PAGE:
I Like the Word Asynchronous

okay.  i wanna talk a little bit about where this whole web+games thing is going.  and, when i say games, i really mean synchronous activities in virtual worlds.  after all, aren’t games about people playing together?  isn’t playing together generally a synchronous activity?

so, i guess where i’m going is that there’s this convergence happening.  it’s the crossroads of synchronous (games, virtual worlds, chat) and asynchronous (web, blogs, email) communication.  right now, the biggest poster boy for this convergence is twitter.

lemme explain.

if you ask anyone who doesn’t tweet (wow — that’s an unfortunate term) what twitter is, you get some variation of “it’s for people who like to post status updates about them doing everything from going to the bathroom to what they’re having for dinner.”  those folks don’t understand what twitter really is.

twitter, for the uninitiated, is a giant, a/sync, partially scattered, on-going conversation.  it’s like globally distributed chat where anyone can join the conversation.  i did the “a/sync” thing because, in practice, twitter is asynchronous since you’re basically posting to the web, however, in terms of usage, it’s synchronous.

for example, raise your hand if you’ve heard the stories of twitter beating the usgs to the earthquake news in china.

it’s a giant pool of global — and i really mean global — real-time chat.

now, before all of you twitter pros nod off, here’s where i’m going with this: there’s going to be a twitter-like convergence between virtual worlds (aka mmos) and the web.  and not the kind you’re thinking of.

this is not — i repeatnot necessarily going to mean playing wow in a browser.  as cool as that would be, it’s really just a shoe-horn fit, i think.  it’s fantastic (beyond awesome, actually) for accessibility, convenience and acquiring new players, but i’m of the opinion that once people are hooked on the service, they’d like both a dedicated, sexy client to play in (say, from home) as well as a thin, portable web-based client to play in.  (*looks over shoulder* shhhhh… from work, for example.)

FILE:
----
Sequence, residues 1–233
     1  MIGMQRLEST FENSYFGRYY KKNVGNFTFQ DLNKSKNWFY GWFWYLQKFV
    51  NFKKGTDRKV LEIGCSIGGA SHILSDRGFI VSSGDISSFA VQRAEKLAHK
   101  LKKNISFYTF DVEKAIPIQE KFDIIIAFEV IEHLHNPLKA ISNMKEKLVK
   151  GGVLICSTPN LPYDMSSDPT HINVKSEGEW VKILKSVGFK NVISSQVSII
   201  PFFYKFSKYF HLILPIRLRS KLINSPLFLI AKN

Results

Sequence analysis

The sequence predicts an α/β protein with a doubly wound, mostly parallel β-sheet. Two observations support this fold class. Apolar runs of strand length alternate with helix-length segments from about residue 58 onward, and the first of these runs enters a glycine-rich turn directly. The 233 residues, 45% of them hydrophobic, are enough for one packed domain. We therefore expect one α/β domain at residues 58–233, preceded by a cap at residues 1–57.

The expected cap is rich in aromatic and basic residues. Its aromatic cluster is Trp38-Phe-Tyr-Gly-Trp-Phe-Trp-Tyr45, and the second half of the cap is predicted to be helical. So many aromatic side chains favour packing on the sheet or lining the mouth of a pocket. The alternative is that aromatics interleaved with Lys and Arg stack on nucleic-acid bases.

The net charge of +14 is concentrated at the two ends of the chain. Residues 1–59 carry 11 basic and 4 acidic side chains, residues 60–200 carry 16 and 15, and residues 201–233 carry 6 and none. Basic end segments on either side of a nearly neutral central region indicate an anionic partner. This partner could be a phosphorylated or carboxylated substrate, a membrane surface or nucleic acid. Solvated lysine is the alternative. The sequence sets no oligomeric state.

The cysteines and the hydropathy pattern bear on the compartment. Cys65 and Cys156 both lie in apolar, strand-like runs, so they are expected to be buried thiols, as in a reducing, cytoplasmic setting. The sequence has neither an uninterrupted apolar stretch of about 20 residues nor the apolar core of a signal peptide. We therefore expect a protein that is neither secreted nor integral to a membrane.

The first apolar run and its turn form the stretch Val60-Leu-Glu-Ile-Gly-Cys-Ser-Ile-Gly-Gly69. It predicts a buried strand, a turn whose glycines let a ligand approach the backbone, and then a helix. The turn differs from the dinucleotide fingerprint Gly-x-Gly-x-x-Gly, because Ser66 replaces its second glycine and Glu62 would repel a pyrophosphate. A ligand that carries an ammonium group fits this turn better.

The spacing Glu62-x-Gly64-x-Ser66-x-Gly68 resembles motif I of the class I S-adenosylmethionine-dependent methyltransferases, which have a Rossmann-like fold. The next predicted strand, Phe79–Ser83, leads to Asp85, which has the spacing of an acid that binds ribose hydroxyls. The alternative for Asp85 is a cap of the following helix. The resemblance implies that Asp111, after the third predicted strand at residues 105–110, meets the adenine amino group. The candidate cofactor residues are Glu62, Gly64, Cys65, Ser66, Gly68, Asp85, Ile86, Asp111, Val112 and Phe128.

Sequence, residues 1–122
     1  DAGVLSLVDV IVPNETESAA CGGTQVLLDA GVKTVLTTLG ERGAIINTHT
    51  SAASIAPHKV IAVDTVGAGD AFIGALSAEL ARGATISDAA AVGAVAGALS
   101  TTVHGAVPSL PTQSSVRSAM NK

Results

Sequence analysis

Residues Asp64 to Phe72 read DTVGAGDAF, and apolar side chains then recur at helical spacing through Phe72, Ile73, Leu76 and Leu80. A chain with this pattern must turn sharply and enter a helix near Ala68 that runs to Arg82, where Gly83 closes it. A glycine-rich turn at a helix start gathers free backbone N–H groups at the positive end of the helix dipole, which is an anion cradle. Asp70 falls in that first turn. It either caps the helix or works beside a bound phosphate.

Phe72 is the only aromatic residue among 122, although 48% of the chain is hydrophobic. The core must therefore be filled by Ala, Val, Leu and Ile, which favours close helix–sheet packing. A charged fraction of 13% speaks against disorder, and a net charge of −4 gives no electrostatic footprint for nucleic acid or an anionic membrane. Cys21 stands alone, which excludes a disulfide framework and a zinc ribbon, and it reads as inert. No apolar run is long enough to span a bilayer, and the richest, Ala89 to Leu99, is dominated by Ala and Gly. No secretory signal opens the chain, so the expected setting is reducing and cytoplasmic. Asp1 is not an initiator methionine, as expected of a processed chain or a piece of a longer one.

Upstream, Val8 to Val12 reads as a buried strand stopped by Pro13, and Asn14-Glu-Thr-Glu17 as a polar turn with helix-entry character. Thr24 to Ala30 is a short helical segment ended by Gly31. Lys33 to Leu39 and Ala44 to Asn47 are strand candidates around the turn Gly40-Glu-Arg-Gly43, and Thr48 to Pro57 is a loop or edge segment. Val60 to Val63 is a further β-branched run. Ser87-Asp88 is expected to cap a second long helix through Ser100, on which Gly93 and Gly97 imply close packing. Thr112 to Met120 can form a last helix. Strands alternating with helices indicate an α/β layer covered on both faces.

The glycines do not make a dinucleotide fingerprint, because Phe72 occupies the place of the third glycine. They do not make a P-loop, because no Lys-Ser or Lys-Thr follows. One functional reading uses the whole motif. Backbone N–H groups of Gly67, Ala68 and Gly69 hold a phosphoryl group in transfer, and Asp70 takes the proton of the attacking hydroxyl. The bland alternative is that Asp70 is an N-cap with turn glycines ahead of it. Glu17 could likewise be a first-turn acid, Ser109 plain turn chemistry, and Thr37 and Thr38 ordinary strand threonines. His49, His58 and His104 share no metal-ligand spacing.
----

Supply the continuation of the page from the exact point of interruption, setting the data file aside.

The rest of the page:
“that’s neat and all, but… duh!  ever heard of habbo hotel, noob?” you say.

stay with me for a minute here.  trust me.

one of the things that third party applications and services are doing for twitter is posthumously rebuilding conversations for others to follow, catch up on, or in any other way use that data.  they take data that was being generated in real-time (ala synchronously) and assemble it for asynchronous consumption.  so that, for every 5 people who were able to participate in the conversation in real-time, there could be 500 people who can play catch up and get engaged in the conversation later on.

follow what i’m saying?  there’s basically a long tail for synchronous communication.  you know what another name for that is? storytelling.

yes.  the convergence between virtual worlds and the web is going to be about storytelling.  and not just any old storytelling.  automated, threaded, and collaborated storytelling.

in other words, real-time twitter conversations are to gameplay as next-day twitter conversations are to storytelling.  it’s an asynchronous reassembly of originally synchronous content.

now, more on how this ties in to the term “social media” later….



2 comments so far

  1. simagery on

    I think you need to check out http://playmockingbird.com/. We’re trying to make game making a game in itself, a social activity to be shared, a medium for communication. Mockingbird *is* the twitter of game making. Small, relevant, shareable, changeable, topical, (disposable?) games. Like posts to a forum or a blog…

  2. danctheduck on

    Love it. The concept of automatically aggregating and sorting user experiences in a game into a ‘story’ consumable asynchronously by others is quite powerful.

    I find that I enjoy reading about other players’ progress on an ARG nearly as much as I would playing it myself. For example: http://olympics.wikibruce.com/Timeline

    take care

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